One Hundred Mornings’ new spin on the future

Conor Horgan’s feature film debut doesn’t follow the usual script for an apocalyptic tale, writes Pádraic Killeen

COUNTLESS movies have taken the end of the world as their subject over the years. Drenched in adrenalin and romance, such films invariably feature explosion after explosion before, ultimately, Bruce Willis or some such figure fixes everything just in the nick of time. Very few apocalypse films, however, have ever heeded TS Eliot’s famous assertion that the world ends not with a bang but with a whimper. Conor Horgan’s debut, One Hundred Mornings, is a rare film that bucks the trend, opting to stage the whimper, and to make this whimper insistently tense and engaging.

A hit at festivals worldwide, Horgan’s apocalyptic narrative focuses on a small group of survivors in the wake of an unexplained societal collapse. The central protagonists — two young couples — are holed up in a lakeside house in the Dublin Mountains. In addition to maintaining strained ties with the armed and scavenging inhabitants of a nearby village, they must also overcome strife in their own camp.

Though zero information is given in the film as to the cause of the disaster, the bleak upshot is that — just as in Cormac McCarthy’s novel The Road — all that truly matters in the wake of a devastating calamity is gaining access to scant resources, whilst protecting oneself in an increasingly hostile world.

Horgan, a veteran photographer and journalist who has also made some fine short films and documentaries, was moved to address societal breakdown in his debut feature, having become intrigued by the escalating factors that suggest a global catastrophe may be closer than expected.

The director’s interest in this subject was piqued, he says, by a talk the novelist Margaret Atwood gave in Dublin in 2005. He recalls: “At one point, she noted, almost as an aside, ‘of course, any species that outgrows its resource base won’t survive’. Everyone in the room just went gulp. It was so simply and so eloquently put.

“So the film is not an exploitation movie that just takes a certain scenario and wrings a story out of it. It comes from a place that I’m very engaged with. There seems to be some very serious challenges hoving into view and the response so far has been very poor.”

One of the things Horgan was eager to explode, he says, was the human conceit that runs, ‘Oh, I’ll be fine. I’ll just get some food and head for the hills.’ “I thought, well, what would that be like if you just headed for the hills, particularly for people as wildly over-stimulated as we are? Also, there seems to be a view that if things did break down it would be a very exciting time and that all sorts of things would be possible that aren’t possible now, and I just don’t buy that at all. If the film is saying anything then it’s saying that society may not be great, and may not work as well as it could, but it’s always going to be better than having no society.”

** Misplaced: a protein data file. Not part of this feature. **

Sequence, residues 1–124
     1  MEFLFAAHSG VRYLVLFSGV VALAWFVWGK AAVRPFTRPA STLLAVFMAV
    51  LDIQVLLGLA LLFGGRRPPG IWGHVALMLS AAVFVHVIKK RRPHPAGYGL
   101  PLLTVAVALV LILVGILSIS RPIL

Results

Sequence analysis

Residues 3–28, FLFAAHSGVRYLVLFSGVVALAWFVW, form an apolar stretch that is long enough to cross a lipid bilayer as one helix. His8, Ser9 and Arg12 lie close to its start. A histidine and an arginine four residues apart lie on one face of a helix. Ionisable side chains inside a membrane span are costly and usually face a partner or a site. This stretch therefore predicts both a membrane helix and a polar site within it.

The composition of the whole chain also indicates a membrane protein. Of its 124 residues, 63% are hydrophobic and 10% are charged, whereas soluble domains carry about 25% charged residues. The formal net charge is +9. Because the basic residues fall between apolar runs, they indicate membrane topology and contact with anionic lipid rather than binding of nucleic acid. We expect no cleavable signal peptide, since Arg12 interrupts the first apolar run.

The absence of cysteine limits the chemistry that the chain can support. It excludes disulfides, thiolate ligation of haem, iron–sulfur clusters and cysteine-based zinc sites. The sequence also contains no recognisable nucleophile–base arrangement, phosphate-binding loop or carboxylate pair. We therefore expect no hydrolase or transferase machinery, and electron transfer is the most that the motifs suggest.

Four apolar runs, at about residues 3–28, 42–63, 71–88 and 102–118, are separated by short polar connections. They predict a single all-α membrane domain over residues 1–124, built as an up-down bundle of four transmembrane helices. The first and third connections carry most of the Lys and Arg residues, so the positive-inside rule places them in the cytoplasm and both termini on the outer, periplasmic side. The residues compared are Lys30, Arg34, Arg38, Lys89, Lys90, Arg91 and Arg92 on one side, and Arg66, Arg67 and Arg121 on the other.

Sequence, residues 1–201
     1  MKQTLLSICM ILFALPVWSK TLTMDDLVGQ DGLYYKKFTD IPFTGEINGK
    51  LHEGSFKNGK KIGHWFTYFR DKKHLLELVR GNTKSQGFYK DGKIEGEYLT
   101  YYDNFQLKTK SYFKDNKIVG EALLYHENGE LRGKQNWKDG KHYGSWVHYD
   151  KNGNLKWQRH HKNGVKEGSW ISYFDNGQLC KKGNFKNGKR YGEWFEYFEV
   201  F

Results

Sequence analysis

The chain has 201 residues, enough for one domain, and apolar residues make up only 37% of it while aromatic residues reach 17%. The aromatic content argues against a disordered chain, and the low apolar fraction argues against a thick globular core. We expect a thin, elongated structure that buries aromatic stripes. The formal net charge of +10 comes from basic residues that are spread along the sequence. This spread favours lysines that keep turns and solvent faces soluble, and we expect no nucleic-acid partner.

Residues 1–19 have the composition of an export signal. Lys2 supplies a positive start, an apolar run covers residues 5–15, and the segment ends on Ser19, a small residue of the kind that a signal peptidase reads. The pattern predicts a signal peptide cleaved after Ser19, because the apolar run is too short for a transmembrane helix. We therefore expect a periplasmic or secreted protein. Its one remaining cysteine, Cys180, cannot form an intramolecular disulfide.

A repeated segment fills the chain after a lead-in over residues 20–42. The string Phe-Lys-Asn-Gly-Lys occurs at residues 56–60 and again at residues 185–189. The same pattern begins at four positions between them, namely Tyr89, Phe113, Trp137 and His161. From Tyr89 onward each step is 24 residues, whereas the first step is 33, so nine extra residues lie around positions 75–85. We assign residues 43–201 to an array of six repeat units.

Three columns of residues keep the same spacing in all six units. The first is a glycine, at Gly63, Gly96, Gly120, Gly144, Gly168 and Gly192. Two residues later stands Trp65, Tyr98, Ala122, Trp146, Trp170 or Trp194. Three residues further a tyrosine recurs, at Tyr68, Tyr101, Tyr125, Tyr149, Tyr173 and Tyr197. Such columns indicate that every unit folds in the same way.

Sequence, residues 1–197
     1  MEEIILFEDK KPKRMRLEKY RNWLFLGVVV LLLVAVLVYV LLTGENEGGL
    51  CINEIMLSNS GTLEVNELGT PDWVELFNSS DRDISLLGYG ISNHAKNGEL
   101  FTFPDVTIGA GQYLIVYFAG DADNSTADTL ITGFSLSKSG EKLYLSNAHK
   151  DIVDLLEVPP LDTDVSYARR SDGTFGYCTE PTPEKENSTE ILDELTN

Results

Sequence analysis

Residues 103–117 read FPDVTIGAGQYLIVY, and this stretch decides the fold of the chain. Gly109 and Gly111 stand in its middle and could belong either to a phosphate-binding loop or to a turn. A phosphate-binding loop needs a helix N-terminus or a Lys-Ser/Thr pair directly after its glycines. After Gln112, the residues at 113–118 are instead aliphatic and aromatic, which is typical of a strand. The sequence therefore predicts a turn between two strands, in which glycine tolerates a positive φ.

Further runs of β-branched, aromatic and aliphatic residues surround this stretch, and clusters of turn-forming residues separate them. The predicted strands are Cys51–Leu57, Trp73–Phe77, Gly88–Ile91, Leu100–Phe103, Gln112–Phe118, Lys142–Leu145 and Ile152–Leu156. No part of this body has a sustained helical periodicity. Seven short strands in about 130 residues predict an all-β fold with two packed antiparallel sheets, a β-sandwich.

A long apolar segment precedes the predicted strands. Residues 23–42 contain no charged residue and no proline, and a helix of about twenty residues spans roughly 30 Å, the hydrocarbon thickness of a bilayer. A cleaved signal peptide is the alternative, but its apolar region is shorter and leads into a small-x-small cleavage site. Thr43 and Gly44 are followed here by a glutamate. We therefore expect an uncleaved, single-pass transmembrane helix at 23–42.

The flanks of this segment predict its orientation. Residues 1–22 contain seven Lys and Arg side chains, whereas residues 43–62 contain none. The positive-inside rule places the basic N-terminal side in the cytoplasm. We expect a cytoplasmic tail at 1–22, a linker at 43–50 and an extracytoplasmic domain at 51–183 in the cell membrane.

Leavening the serious overtones of One Hundred Mornings are the film’s flashes of dry wit and the warmth of nuance underlining the central human relationships, especially between the charismatically jaded Jonathan (Ciarán McMenamin) and the eccentric loner Tim (Robert O’Mahony). There is also the quite stunning work of cinematographer Suzie Lavelle, who blends moody low-lit interiors with autumnal exteriors shot around Lough Dan in Wicklow. The inscrutable beauty of the landscape photography only emboldens the film’s cautionary tale of human catastrophe.

“There’s a sense that the earth is indifferent, or that nature is indifferent, to their plight,” says Horgan.

“It was quite a difficult thing for me to find somebody whom I could trust with the photography,” he continues. “Because I was a photographer before I was anything. But Suzie and I developed a shorthand very quickly. There was a great moment when we first met to discuss the film. On our laptops we’d both brought folders of random images that would suggest our ‘feeling’ of the film, and as it turned out we’d brought some of the same pictures. So from then on I knew it was going to work.”

One Hundred Mornings goes on general release today.

Picture: Ciarán McMenamin and Alex Reid in One Hundred Mornings, about two couples struggling to survive in the wake of societal collapse.


Is there a natural treatment I could use instead of steroids and antibiotic drops for dry eye?Natural health: I suffer from chronic dry eye

Denise O’Donoghue checks in with several expats affected by the cancellation of shows in BritainIrish actors on the crisis the West End theatre industry faces

This month marks four decades since the release of the classic record that would also be Ian Curtis’s final album with Joy Division. Ed Power chats to a number of Cork music fans about what it meant to themJoy Division: Forty years on from Closer

Last week, I shared my lockdown experience. I asked for a more uniform approach, should there be another lockdown. I explained that I worked mornings. Maybe I should have been more specific: working 8am to 1pm without a break, I gave feedback and covered the curriculum, using our school’s online platform. In the afternoons, I looked after my three kids (all under ten) while my husband worked. It was a challenging time for everyone and the uncertainty around what I should have been doing as a teacher made it harder.Diary of an Irish teacher: I want to get back to work. But I would like to do it safely

More From The Irish Examiner